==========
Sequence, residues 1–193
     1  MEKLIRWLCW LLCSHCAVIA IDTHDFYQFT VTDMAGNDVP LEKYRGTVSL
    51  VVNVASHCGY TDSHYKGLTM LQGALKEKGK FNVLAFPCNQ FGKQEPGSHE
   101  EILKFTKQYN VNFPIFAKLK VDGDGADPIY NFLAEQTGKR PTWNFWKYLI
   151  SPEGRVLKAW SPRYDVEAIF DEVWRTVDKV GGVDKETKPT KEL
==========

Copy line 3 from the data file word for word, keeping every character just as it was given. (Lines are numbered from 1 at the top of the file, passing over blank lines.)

    51  VVNVASHCGY TDSHYKGLTM LQGALKEKGK FNVLAFPCNQ FGKQEPGSHE